By JOHN PEPIN
For The Daily News
HUMBOLDT - Eagle Mine officials were scheduled to hold an all-employee meeting this morning to discuss details of the sale of the mine and Humboldt Mill, announced late Wednesday, to Toronto-headquartered, base metals mining company Lundin Mining for $325 million.
The new owners intend to develop and operate the mine as planned and will advance exploration efforts to identify additional resources nearby. Rio Tinto had previously identified several mineral exploration targets.
"We believe Eagle will have a sound future under its new ownership given Lundin's commitment to the development of the project," said Chris Lynch, Rio Tinto chief financial officer. "Rio Tinto will continue to manage Eagle to the highest safety and environmental standards during the transition to the new owner."
The sale - which includes the underground copper and nickel Eagle Mine, the Humboldt Mill and the mineral, water, access and surface rights around the mine - is expected to close next month and includes a $250 million purchase amount, plus project expenditures of roughly $75 million incurred from Jan. 1 through the sale closure.
Rio Tinto spokesman Daniel Blondeau said the sale is subject to customary U.S. regulatory approvals.
"Rio Tinto will continue to manage Eagle while the regulatory process is completed, which is expected to take approximately six weeks," Blondeau said. "Once the regulatory process is settled, Lundin will take over day-to-day management of Eagle."
Mine production is expected to begin in late 2014 and once it starts, the mine will generate up to 2,000 tons of ore each day.
The Eagle Mine management team will remain in place at least until the sale is closed and the mine's 68 current employees, 42 of whom are local residents, will become workers for Lundin, Blondeau said.
"The people that are working with Rio right now, that's part of the sale as well," Blondeau said. "So Eagle employees will be transitioning with the project to Lundin."
Blondeau said it's too early to tell whether the number of direct mine or mill employees will increase under the new ownership, but in the short term, there will be new jobs available with construction projects remaining to be completed at the mine and mill.
Blondeau said the sale is good news.
"Eagle is still going to be built and operated, we're still going to be providing the jobs, the taxes and all the other benefits that the community was expecting from the mine," Blondeau said. "So we're excited to get things up and moving, for construction to ramp up."
In February, Rio Tinto announced it would "moderate" the pace of construction at the mine and mill in response to "economic headwinds" and volatility in commodities markets. Those construction projects previously put on hold will now be accelerated, Blondeau said.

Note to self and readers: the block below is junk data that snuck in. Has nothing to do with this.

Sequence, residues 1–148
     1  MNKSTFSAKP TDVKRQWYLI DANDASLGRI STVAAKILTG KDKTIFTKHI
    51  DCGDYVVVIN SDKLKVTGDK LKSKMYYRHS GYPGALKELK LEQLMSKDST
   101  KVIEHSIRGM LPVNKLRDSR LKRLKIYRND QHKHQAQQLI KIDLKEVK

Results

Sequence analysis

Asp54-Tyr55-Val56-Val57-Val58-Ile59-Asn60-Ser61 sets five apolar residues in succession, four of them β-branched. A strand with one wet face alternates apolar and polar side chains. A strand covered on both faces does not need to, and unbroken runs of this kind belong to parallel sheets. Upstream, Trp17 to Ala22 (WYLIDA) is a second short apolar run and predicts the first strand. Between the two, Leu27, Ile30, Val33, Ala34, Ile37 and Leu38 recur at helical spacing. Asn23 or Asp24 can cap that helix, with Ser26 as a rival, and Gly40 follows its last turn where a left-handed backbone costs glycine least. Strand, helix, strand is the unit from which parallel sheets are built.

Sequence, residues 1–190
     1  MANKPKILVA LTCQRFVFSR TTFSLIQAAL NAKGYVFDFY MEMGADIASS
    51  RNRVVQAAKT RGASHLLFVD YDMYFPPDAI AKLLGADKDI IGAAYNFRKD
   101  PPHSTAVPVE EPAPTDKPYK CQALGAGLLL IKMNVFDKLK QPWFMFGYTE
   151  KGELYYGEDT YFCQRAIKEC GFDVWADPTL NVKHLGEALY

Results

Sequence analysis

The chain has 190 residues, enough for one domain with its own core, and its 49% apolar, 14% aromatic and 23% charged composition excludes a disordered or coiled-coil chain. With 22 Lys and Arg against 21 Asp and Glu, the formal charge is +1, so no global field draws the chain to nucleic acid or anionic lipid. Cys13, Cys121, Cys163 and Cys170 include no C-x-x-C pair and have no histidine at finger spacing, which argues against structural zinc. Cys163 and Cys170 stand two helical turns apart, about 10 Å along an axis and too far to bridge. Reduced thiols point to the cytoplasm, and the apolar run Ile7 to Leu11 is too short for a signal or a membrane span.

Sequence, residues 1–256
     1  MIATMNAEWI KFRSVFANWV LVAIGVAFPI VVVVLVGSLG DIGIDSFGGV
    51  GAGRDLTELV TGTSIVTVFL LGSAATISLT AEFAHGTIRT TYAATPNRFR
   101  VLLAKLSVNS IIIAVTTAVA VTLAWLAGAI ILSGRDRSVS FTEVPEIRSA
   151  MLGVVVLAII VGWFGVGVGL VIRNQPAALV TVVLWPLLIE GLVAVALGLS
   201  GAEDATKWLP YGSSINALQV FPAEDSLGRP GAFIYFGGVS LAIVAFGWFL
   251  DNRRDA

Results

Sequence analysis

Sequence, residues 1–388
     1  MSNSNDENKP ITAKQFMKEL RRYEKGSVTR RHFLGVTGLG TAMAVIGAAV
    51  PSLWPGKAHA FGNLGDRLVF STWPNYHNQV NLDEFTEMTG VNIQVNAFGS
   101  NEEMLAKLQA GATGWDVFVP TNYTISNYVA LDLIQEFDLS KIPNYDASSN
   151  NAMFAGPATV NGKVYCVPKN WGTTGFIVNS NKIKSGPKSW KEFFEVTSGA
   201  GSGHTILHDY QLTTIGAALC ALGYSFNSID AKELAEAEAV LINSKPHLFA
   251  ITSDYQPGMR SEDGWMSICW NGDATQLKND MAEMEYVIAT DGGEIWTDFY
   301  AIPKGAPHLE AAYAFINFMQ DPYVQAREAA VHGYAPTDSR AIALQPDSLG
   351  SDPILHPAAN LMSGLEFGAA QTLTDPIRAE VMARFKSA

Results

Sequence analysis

"It is a fairly big change," Blondeau said. "We've been in this moderated construction pace for a while now. But real soon here, starting next week, people will start to see things ramp up."
Bids will be let for the mining during operations and the ore transportation and for three structures to be built at the mine, including an above ground ore storage building, a batch plant to mix aggregate and concrete for backfilling the mine and an aggregate storage building.
"At the mill, the mill has pretty much been cleaned up and gutted at this point, but now we really have to start putting the equipment in and building the other facilities out there for operations," Blondeau said.
The total capital expenditure for the Eagle Mine-Humboldt Mill project is estimated at $770 million. Lundin officials said $355 million of that had been spent by Rio Tinto as of May. In addition to the $325 million price to acquire the mine, Lundin is expected to spend another $400 million through 2014 to bring the mine and mill into production.
Construction at the mine is 80 percent complete, with the project overall - including the Humboldt Mill - about 55 percent done.
Marquette County Road Commission construction projects begun recently to upgrade county road 550, 510 and the Triple A Road - funded by Rio Tinto - are expected to remain on schedule, serving as a portion of the transportation route between the mine and mill.
Officials with Rio Tinto and Lundin Mining said the sale of the mine and mill will be beneficial to both companies, which have been making moves to adjust to shifting global market conditions.
Lundin - which has other operations in Portugal, Sweden and Spain and holds a 24 percent equity stake in a copper and cobalt mine in the Democratic Republic of the Congo and a cobalt refinery in Finland - previously purchased two other Rio Tinto mines, including a copper and zinc mine in Portugal and a zinc, lead and copper mine in Sweden.